On the 23rd of May I was interviewed by The Guardian for a feature piece on the practice of ‘sharenting’. I think the article does an excellent job in analysisng the risk associated with posting information of children online. Yet I question whether sharenting is really a useful term when we look at the impact of social media in family life.
In the last few years, the term sharenting has been used by social researchers and journalists alike. In the media we have seen a plurality of articles dealing with the topic (check out the resources page). In academic research, I find Steinberg’s (2017) work on the legal challenges that sharenting poses and Blum-Ross and Livingstone’s (2017) work on parent bloggers important and fascinating.
What troubles me about the concept of sharenting, however, is that in the last year – and especially in the media – the term has been filled with negative and judgemental undertones. In addition to this, I really don’t think it does any justice to the complexity of social media in family life.
As I talk to parents, I am realising that more often than not all this talk about sharenting and posting online is clearly affecting them. I am also realising that – amongst family members – different tensions are emerging between those who share and those who don’t.
These conflicts are becoming really personal. At times, I spoke with spouses who questioned the social media posts of their partners, and prevented them from posting specific information on their individual social media accounts. Other times, I talked to parents like Andrea, the mother of a 5-year-old, who talked about the emotional importance of social media (especially because she lived far away from her family). She thought that people who judged her for posting on social media were impacting on her right to share with her family.
As families are becoming more and more aware of the impacts of social media data, we are seeing the emergence of new conflicts. These conflicts are not confined to the walls of the home, but they are affecting different social interactions.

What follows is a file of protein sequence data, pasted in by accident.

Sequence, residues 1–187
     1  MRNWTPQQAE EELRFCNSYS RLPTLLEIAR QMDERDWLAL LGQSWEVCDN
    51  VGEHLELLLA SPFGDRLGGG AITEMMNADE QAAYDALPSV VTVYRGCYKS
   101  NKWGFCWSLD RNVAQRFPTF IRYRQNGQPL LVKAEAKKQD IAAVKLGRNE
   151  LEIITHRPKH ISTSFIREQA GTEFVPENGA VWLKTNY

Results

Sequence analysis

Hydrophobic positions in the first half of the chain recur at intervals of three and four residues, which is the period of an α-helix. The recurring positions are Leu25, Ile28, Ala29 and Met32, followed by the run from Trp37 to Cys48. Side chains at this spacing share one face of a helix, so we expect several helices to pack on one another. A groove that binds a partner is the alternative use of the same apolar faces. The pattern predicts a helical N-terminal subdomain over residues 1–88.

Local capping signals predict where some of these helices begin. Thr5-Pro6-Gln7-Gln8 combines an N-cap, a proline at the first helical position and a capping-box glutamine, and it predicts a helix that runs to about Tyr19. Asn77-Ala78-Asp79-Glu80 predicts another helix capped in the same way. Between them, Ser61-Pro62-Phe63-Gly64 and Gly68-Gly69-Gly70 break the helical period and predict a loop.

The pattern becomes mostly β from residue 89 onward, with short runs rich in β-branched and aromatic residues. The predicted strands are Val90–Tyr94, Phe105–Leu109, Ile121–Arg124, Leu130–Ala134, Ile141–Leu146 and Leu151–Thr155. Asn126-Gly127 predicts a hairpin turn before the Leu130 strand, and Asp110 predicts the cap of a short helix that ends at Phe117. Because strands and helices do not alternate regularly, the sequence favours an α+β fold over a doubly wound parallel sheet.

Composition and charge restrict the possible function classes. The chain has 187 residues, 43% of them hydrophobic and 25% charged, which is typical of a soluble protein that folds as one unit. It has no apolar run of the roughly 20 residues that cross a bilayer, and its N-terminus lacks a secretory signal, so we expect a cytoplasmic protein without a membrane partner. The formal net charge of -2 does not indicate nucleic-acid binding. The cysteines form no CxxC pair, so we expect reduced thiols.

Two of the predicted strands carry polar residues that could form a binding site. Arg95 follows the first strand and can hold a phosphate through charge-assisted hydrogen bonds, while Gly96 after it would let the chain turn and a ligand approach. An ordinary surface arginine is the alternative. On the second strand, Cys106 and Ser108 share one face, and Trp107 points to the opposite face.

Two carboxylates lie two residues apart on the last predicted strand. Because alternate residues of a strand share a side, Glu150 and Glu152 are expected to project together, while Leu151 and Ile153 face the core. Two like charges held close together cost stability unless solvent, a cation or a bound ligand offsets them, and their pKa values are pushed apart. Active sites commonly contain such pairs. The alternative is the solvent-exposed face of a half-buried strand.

One day in Spring 2017, for instance, I was interviewing Liz a mother of two girls who was very concerned about the online privacy of her children. Her husband and her had chosen not to post or share any photo or information on social media. Yet their position was being challenged by the other parents at the school. The issue of contention was the school play. Liz and her husband – together with another couple of parents – were the only ones who refused to sign the permission to allow members of the audience to take photos at the play, because they rightly thought that the photos would land on social media and this was creating a lot of tensions.
Like Liz, different parents (and especially the ones that don’t want to share) complained about the fact that it was too difficult to control the social media presence of their children.
I know this very well. I have been obsessed with controlling P’s (my 4-year-old) social media presence since she was born. I never posted anything and asked all my friends and family not to post. Yet whatever I do, she always ends up tagged to my profile in photos with other children at the school, at a party, a play group or large family gathering etc. Many times, I untag myself and ask to remove the photo, but sometimes I just don’t have the time and nerve to do it.
In thinking about these conflicts, and the complexity of social media data flows we need to understand that the issue at stake is not only about parents sharing information of their children online, but it is about them struggling to negotiate with the complexity of social media data.
If you are interested in finding out more about these findings you can click research findings.
 All names are fictional to protect participants’ anonimity